Gloriosa lily.

Last month I shared information about three of my favorite funky flowers: Spiral ginger, Dutchman’s pipe and Hoya. We felt three favorites were not enough, and six would be much better. This article includes Tillandsia, gloriosa lily and Chinese hat.

Bromeliad and Tillandsia are members of the pineapple family. There are 16 native Bromeliad species and approximately 85 native species of ‘air plants’ in Florida.

Bromeliads are slow-growing. Some prefer sun, and others prefer shade. Tillandsia live on other plants but do not live off them. They are epiphytes, not parasites. Propagation is from ‘pups’ produced by the mother plant.

Gloriosa lilies are a fast-growing perennial that can reach a height and spread of 2-8 feet. It has medium drought-tolerance, prefers partial shade/partial sun and performs well in full shade. This plant produces gorgeous flowers that are crimson/yellow-orange. Mine are in pots and the ground with trellising support.

The Chinese hat plant has a moderate growth rate and can reach a height and spread of 5-8 feet. It requires irrigation during dry seasons. Chinese hat plants prefer partial shade/partial sun and produces bright orange/red flowers that look like a hat. It works well as a hedge, border or specimen plant. For more information, see “Holmskioldia sanguinea” by Edward F. Gilman at http://hort.ifas.ufl.edu/database/documents/pdf/shrub_fact_sheets/holsana.pdf.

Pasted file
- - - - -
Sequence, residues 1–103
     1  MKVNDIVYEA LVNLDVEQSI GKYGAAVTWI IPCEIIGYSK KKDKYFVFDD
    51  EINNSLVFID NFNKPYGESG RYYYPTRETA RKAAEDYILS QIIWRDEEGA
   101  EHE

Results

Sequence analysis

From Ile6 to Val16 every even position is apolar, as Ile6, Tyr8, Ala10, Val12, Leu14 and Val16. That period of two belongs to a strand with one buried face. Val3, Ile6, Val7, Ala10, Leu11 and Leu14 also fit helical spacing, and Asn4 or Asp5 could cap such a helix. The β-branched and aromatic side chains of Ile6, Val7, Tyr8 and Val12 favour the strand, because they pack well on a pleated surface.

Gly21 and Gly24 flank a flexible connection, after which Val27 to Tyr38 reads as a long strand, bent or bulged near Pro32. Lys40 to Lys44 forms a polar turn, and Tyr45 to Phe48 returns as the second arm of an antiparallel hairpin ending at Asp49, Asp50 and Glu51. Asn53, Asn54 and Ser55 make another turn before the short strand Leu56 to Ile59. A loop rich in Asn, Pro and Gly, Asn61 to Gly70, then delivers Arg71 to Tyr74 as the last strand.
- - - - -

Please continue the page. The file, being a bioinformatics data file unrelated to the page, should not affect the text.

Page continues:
For more information on Bromeliad and Tillandsia, please see the University of Florida publication “Florida’s Native Bromeliads” by Barbra C. Larson, J. Howard Frank, Ginger M. Allen and Martin B. Main at https://edis.ifas.ufl.edu/pdffiles/UW/UW20500.pdf.

For more information about the Florida-Friendly Landscaping™ program and to register for upcoming workshops, please view our calendar of events at https://sfyl.ifas.ufl.edu/hillsborough/upcoming-events/.

You can contact me at the UF/IFAS Extension Hillsborough County at 744-5519, ext. 54105. Hope you can get outside and garden. Be well.